The books hit: a look at the airship of the 1920s that almost reached the North Pole Engadget

During the 1920s, just about everyone was convinced that providers are not only the future of luxury travel, but that these busy airships can also serve as platforms for scientific exploration and adventure. Why walk through malaria-infested jungles, dehydrated deserts and frozen tundra when you can simply drive an expedition to its destination? Among the most ardent fans of the technology were the famous Norwegian explorer Roald Amundsen and the Italian airship designer General Umberto Nobile. In 1928, Nobile attempted to lead the first expedition to land people aboard the airship at the North Pole. Italy. However, a brutal storm forced the vessel to wreck land, stranding its survivors with costly few supplies and launching the largest Arctic rescue effort in history.

N-4 off, by journalist and author Mark Piesing narrates the rescue effort led by Amundsen himself. In the excerpt below, we take a quick look at what technological skill the crew of the fatal expedition actually had to deal with.

Harper Collins Publishers

Of N-4 off by Mark Piesing. Copyright © 2021 by Mark Piesing. Reprinted with permission of Custom House, a print from HarperCollins Publishers.


Amundsen may have dreamed of several air bases in the Arctic Circle, but in 1925 he was one of the only ones. It consisted of two flying boats, no hangars, and a rough runway of ice.

For the flight, he had a team of six men that would be split between the two planes. Lincoln Ellsworth would be in one, Amundsen in the other. The Norwegian also brought for the first time two journalists and a photographer to record the expedition.

The flying boats that Amundsen transported from Pisa, Italy, were not just any flying boats. The N-24 and N-25 were the latest Dornier Do J “whale” flying boats, starting many air routes around the world.

These expensive German-designed machines were at the forefront in 1925. This meant that they were all metal, with a whale-shaped hull and high, outstretched wings. Two stump wings, known as sponges, kept the plane stable, while ribs to the fuselage gave the plane the power to land on sea or ice. Two sturdy Rolls-Royce Eagle propeller motors are arranged from rear to rear: one to pull the aircraft through the air and the other to push it. The Eagle engines were the first aircraft Rolls-Royce ever built.

Unfortunately, the pilots were still housed in an unheated open air cabin, which was forced to wear woolen underwear, sweaters, two pants, a rubber skin as well as a leather jacket, a leather fly helmet, gloves, scarves and heavy boots to keep warm. stay while flying at high speeds. They all had a parachute (one of the conditions Ellsworth’s father made him agree to in exchange for his money), although the terrible struggle to survive what they would experience if their parachutes worked was better not to think about not.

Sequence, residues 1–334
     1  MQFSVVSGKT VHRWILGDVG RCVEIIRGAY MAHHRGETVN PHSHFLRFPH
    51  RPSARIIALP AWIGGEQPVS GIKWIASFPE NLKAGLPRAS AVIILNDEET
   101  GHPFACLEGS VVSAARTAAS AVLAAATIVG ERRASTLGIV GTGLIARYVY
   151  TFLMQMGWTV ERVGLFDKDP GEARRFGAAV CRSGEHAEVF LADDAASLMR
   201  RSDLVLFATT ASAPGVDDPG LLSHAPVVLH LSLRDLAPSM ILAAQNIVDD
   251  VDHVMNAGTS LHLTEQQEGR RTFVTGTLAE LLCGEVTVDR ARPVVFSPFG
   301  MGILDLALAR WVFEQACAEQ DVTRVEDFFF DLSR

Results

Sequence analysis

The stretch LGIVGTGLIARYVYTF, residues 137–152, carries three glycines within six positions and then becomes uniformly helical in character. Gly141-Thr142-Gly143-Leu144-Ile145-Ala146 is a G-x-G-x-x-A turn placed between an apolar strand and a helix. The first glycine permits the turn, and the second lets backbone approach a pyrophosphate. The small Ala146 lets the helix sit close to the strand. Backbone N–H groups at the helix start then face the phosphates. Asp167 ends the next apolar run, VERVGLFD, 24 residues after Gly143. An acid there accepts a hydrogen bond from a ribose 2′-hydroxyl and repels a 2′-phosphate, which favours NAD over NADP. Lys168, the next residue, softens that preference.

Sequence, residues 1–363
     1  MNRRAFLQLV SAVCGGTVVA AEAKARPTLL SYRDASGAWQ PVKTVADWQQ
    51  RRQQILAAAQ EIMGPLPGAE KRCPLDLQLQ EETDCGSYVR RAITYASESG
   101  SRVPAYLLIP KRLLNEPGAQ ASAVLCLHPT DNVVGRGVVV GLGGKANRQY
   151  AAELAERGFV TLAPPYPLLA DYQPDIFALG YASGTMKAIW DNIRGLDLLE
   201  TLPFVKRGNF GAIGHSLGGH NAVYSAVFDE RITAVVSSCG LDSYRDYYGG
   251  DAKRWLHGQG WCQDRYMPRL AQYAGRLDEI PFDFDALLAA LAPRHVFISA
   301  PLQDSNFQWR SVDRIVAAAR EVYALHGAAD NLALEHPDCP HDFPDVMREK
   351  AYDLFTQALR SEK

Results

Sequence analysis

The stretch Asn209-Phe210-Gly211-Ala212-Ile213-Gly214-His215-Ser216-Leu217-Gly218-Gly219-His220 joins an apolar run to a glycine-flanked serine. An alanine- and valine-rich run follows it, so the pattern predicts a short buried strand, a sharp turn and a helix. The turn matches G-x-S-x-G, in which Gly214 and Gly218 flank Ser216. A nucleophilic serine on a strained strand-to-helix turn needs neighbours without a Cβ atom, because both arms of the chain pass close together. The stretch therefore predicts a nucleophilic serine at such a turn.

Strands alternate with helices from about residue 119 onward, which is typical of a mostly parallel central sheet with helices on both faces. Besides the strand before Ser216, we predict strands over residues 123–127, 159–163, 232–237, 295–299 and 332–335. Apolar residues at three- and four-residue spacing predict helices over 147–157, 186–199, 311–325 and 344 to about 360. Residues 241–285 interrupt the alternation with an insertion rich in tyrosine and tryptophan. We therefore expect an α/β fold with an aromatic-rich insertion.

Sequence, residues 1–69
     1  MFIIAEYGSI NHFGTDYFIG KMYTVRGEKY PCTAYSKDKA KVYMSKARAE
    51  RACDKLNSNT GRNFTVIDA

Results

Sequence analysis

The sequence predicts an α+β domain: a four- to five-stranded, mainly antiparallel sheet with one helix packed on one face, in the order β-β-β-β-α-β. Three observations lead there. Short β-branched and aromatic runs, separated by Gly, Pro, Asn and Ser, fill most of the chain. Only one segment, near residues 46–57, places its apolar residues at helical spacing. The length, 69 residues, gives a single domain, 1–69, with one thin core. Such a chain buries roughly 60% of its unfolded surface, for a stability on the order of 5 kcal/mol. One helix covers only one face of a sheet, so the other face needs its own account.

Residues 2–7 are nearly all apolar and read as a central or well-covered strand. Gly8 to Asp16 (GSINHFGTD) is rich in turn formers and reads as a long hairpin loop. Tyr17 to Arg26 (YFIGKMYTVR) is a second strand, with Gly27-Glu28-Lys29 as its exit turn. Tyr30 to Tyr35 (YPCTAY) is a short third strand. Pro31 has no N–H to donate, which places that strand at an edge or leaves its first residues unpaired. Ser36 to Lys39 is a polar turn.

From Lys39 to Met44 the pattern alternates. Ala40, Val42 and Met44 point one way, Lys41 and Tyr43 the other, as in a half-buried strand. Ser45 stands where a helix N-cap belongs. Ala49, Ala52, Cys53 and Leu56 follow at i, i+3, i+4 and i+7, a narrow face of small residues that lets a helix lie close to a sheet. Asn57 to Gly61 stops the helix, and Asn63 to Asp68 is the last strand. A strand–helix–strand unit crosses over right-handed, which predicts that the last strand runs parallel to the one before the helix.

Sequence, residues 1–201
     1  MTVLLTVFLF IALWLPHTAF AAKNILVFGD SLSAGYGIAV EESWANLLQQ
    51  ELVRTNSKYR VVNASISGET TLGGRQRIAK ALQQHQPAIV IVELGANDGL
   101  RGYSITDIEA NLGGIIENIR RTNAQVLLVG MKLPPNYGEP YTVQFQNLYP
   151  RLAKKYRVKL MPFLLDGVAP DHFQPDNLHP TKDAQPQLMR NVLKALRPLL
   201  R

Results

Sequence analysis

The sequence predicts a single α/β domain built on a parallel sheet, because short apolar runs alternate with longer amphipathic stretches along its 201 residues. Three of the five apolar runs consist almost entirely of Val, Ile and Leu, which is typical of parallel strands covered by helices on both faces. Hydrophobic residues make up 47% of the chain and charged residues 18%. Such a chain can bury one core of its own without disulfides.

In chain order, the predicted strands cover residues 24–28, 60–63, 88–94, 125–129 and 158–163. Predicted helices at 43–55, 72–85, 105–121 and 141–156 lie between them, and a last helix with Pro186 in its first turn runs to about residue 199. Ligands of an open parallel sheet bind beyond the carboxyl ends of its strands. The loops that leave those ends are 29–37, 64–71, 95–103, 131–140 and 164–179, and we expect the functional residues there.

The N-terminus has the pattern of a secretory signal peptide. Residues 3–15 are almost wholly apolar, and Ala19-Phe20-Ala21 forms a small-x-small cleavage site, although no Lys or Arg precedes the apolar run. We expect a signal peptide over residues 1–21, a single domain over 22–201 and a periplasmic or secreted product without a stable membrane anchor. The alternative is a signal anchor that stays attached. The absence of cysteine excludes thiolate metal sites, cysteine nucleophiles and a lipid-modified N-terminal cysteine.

The condition of aviation was not much better. Pilots, who still relied on distinctive features such as railways, rivers and castles to help them determine where they were headed, would always be challenged by the distinctive and changing Arctic landscape. As seafarers have done for the past two hundred years, sextants could be used to determine the altitude, position, and ground speed of their aircraft. These sextants were, of course, less useful when visibility was blocked by fog or thick clouds. Then these early pilots could use a magnetic compass, which becomes less reliable as the plane flies closer to the North Pole, or a solar compass, which acts like a sundial by using the position of the sun to establish a poll ( especially convenient near the North Pole).

Radio began to challenge these far older methods of navigation. By finding radio direction, a navigator could find the direction to a radio station or beacon. If you could then record the signals from two or more stations or beacons, you would be able to find out where you were by simple triangulation. Aircraft navigators had to take all these measurements under conditions that were not accurate, take measurements and keep records of usually an icy cold – and sometimes open – cabin in a noisy and unstable machine.

Unfortunately for the crew of his new expedition, the Amundsen of 1925 was not the Amundsen that beat Scott to the South Pole. It can be said that he lost his eye for detail.

The planes were tested in the Mediterranean before being sent by train and boat to Kings Bay. What they did not have was to test properly in the coldest conditions of the Arctic. In 1925, no one really understood how these thin planes and their internal combustion engines would handle the cold of the Arctic, and Amundsen does not seem so curious about the possible distinction. Then there were the sextants that did not work and the radio sets that had not yet arrived, and on which Amundsen decided that they could not wait. In the end, Amundsen did not formulate any emergency procedures should one of the planes land. Without the radios, the teams would not be able to talk to each other in the middle of the flight if something went wrong. He exacerbated this risk by rejecting the US Navy’s offer of the giant airship USS Shenandoah to act as a lifeboat the year before. But he remembered to take a moving photo camera with him.

Amundsen’s haste was due to concerns that a narrow window in the Arctic would close. There was also the nagging fear that someone else would fly to the North Pole in front of him.